• At this point you can add food coloring if you’d like, but the color of your pipe cleaner seems to be more powerful than the color of the crystals.  Wait for your solution to cool before pouring it into the jar (or before handling the jar, if you opted to microwave it).
    • Dangle your design in the jar of Borax water and set it aside where it won’t be disturbed.  Our designs were heavily covered with crystals within hours, to the point where I had to pry them from the bottom with a knife.  The results were pretty exciting!
  • Edible Crystals (Requires skewer, sugar, water, jar, springy clothespin, rulers)
    crystals

    Borax (foreground, already finished) and rock candy (background, looking like nothing yet)

    • Measure your skewer and clip a clothespin on it so it will balance on the mouth of your jar and dangle inside without touching the sides or bottom of the jar.  If you need to, use rulers to make the mouth of your jar more narrow so the clothespin can balance.
    • Measure how much water you need to fill your jar.  Pour this into a saucepan and heat it.  Keeping your water just below boiling, begin to add sugar at a rate of about a half-cup at a time.  I’ve read that you need about 3 times as much sugar as water; I forgot to measure, but I know I used waaay more sugar than I thought I would and had to stir way longer that I thought I should to see if it would dissolve.  (The kids got bored and wandered off.)  By the time my liquid was super-saturated, the top seemed to get cloudy and not clear up even after I stopped stirring and let it settle some.
    • Let your liquid cool until it’s easy to handle.  (Otherwise at the very least you risk burning your hand while handling your jar!)  Pour it into your jar, being careful not to pour any undissolved crystals of sugar into the jar.  (Rock candy is easiest to eat on a stick, not stuck to the bottom of a jar.)  You can add food coloring if you’d like.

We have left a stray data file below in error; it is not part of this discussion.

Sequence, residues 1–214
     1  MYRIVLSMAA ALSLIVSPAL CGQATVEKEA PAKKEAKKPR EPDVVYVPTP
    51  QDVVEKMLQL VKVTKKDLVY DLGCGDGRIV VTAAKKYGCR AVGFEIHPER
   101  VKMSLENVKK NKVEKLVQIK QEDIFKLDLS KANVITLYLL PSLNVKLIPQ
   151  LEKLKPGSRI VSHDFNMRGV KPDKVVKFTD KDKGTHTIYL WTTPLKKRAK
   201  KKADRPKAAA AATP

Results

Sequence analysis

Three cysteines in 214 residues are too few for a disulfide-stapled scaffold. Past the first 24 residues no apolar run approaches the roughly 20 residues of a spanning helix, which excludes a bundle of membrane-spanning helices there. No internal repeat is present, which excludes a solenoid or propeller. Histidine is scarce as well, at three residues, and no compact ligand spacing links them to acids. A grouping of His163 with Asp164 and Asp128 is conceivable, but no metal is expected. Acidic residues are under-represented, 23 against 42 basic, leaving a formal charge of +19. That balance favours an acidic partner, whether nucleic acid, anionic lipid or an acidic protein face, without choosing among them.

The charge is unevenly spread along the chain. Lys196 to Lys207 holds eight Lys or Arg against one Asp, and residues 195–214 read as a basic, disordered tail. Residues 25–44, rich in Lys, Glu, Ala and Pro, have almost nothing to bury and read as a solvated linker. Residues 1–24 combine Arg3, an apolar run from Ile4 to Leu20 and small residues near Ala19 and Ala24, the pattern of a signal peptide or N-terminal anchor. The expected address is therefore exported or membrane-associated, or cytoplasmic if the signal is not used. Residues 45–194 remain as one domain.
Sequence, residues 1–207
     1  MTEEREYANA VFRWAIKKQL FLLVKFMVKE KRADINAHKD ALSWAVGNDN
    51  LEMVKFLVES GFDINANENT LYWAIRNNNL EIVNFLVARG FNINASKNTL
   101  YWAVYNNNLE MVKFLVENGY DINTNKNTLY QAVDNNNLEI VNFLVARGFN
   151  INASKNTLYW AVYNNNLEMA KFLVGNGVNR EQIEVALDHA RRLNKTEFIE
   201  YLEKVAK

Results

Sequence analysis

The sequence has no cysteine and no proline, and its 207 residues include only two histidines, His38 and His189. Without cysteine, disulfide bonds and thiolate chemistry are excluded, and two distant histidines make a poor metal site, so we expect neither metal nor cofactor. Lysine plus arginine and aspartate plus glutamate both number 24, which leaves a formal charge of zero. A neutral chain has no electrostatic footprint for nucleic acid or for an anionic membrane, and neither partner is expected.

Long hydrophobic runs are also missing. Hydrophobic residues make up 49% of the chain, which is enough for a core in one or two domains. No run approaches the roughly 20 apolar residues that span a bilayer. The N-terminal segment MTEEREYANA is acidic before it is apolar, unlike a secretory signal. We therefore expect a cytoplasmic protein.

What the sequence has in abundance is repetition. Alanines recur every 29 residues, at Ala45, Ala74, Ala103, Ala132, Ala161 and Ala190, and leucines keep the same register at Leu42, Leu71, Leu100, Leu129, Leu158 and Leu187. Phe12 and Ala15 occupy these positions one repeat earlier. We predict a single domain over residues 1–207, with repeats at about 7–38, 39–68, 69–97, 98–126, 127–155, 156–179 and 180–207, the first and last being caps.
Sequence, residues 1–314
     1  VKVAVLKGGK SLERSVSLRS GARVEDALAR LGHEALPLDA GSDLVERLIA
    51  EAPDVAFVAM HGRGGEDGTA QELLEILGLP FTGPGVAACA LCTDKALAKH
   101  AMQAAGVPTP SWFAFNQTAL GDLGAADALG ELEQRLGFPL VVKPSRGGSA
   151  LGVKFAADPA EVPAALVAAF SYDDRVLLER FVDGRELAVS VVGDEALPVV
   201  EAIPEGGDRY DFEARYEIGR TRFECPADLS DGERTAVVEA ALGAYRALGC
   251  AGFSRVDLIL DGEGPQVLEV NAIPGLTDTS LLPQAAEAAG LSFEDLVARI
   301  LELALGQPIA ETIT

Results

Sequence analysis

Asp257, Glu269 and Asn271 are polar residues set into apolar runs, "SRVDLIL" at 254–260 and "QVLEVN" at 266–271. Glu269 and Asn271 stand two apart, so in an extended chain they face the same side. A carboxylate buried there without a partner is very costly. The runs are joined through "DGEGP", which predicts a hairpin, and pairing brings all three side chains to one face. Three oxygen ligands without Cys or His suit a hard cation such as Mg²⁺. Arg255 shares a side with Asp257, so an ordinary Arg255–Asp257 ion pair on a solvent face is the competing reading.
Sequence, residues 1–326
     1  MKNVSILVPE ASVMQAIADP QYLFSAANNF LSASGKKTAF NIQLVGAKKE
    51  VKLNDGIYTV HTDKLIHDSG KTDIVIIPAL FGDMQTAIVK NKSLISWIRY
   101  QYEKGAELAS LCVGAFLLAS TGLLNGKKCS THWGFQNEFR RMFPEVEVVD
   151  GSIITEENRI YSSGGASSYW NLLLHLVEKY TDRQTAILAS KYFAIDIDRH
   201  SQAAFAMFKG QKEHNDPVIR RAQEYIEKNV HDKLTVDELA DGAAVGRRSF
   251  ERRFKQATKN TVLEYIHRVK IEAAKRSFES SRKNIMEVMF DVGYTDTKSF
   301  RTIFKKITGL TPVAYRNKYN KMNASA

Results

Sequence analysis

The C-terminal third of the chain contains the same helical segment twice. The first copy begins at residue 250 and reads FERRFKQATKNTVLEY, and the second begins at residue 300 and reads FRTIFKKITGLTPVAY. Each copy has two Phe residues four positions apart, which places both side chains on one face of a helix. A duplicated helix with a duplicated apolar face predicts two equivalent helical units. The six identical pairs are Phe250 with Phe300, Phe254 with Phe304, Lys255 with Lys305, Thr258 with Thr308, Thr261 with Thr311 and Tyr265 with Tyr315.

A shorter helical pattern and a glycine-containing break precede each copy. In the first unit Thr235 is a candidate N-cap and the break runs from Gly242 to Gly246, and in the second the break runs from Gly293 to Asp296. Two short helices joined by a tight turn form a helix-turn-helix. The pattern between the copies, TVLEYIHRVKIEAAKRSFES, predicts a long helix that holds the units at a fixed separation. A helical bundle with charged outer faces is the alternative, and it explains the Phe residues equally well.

• Balance your skewers atop the jar and be prepared to wait at least a day before seeing any difference at all and a week or more before you have something worth chewing on.  Some people say this process can be sped up by dipping the skewers into the solution, rolling them in sugar, and letting that coating dry before dangling them.

Activity 3: Solar Still

I like to have a “so now what” type of moment about the things we learn.  So how can we use our knowledge of solutions?  I posed a real question to my kids: Suppose you were stuck on a boat in the ocean and you ran out of water.  You know that salt water will kill you.  How can you get fresh water other than waiting for rain?  I could have let them develop the whole thing on their own, but once they had the concept I put together a solar still and had them figure out how it worked.

  • Supplies: salt, water, large bowl, glass or heavy container that fits inside bowl and is shorter, plastic wrap, rock
  • Mix some saltwater in the bottom of your large bowl.  Taste it if you’d like.
  • Place your glass in the middle of the saltwater.  It has to be a glass or something heavy, otherwise it’ll float around or tip and ruin the experiment.
  • Cover the bowl with plastic wrap, ensuring that it is tightly sealed around the edges.
  • Place the rock on top of the plastic wrap, centering it over your empty glass and making sure it slightly depresses the wrap.
  • Put your still in a warm place and wait for the results.  Alternately, you could speed up the natural process by using warm water that will already be evaporating reasonably fast.